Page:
12. Correlations between energy economy and housing market prices in the EU-impacts on future sustainability

    Directory of Open Access Journals (Sweden)

    Maassen Maria Alexandra

    2017-07-01

    Full Text Available The global economic system is facing multiple challenges in terms of social development, technology and innovation, as well as sustainability needs. As a result, the value of existing assets is changing globally depending on the scarcity, necessity and effects on the business field leading to increased prices of traditional sources of energy and increased competition in the economic field. Thus, the EU energy market has progressed in reducing its dependence on external energy sourcing, by increasing production of renewable energy, such as wind or solar, as well as by further integration of the electric grid. Based on the Pearson coefficient this article intends to research the correlations between the economic, energy and house prices in recent years and the future possible impacts depending on their evolution. For example, gas prices in the past decade increasing household costs in most countries due to the dependence on third parties for energy, lead to the need of increasing the share of renewable energy in total energy consumption, which have consequently decreased electricity prices since 2008. However, this development has still not solved the additional costs issue of households due to the new technologies implemented although wind and solar energy receive in general low margins. Such energy issues, as well as the increased housing prices after the financial crisis in 2008 have caused on their own an additional burden on the economy and households spending income in the next years following.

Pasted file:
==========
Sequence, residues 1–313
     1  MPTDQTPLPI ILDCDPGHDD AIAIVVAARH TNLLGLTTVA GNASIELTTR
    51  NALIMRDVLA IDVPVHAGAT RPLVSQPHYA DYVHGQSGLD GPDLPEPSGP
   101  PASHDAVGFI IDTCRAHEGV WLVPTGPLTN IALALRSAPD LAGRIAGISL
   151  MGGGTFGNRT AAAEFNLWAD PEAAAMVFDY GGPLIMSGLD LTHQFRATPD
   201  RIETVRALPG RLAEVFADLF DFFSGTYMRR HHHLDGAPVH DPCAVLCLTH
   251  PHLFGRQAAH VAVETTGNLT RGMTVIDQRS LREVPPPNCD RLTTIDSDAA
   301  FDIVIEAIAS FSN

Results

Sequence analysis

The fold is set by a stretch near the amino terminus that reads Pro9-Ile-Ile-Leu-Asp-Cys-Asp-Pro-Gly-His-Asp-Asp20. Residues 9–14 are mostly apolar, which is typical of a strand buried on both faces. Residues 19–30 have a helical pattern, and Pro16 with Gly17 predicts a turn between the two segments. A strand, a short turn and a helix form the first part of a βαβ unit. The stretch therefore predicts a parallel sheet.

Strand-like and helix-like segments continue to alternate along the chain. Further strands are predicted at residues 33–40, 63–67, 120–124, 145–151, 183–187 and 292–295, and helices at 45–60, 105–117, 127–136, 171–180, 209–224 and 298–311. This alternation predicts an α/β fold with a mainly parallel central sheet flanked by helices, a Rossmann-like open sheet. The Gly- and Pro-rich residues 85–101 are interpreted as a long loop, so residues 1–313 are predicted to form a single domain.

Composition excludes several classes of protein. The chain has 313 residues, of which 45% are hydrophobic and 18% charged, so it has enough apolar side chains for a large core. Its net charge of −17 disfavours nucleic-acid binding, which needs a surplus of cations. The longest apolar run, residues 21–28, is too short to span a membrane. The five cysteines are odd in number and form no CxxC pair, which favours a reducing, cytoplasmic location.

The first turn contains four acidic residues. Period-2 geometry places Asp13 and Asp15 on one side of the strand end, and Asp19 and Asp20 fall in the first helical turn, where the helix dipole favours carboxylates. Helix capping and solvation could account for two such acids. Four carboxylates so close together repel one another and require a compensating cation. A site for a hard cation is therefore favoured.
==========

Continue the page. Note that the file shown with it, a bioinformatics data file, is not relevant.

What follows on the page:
13. Energy Integration for 2050 - A Strategic Impact Model (2050 SIM), Version 1.0

    Energy Technology Data Exchange (ETDEWEB)

    2010-10-01

    The United States (U.S.) energy infrastructure is among the most reliable, accessible, and economic in the world. On the other hand, it is also excessively reliant on foreign energy sources, experiences high volatility in energy prices, does not always practice good stewardship of finite indigenous energy resources, and emits significant quantities of greenhouse gas. The U.S. Department of Energy is conducting research and development on advanced nuclear reactor concepts and technologies, including High Temperature Gas Reactor (HTGR) technologies, directed at helping the United States meet its current and future energy challenges. This report discusses the Draft Strategic Impact Model (SIM), an initial version of which was created during the later part of FY-2010. SIM was developed to analyze and depict the benefits of various energy sources in meeting the energy demand and to provide an overall system understanding of the tradeoffs between building and using HTGRs versus other existing technologies for providing energy (heat and electricity) to various energy-use sectors in the United States. This report also provides the assumptions used in the model, the rationale for the methodology, and the references for the source documentation and source data used in developing the SIM.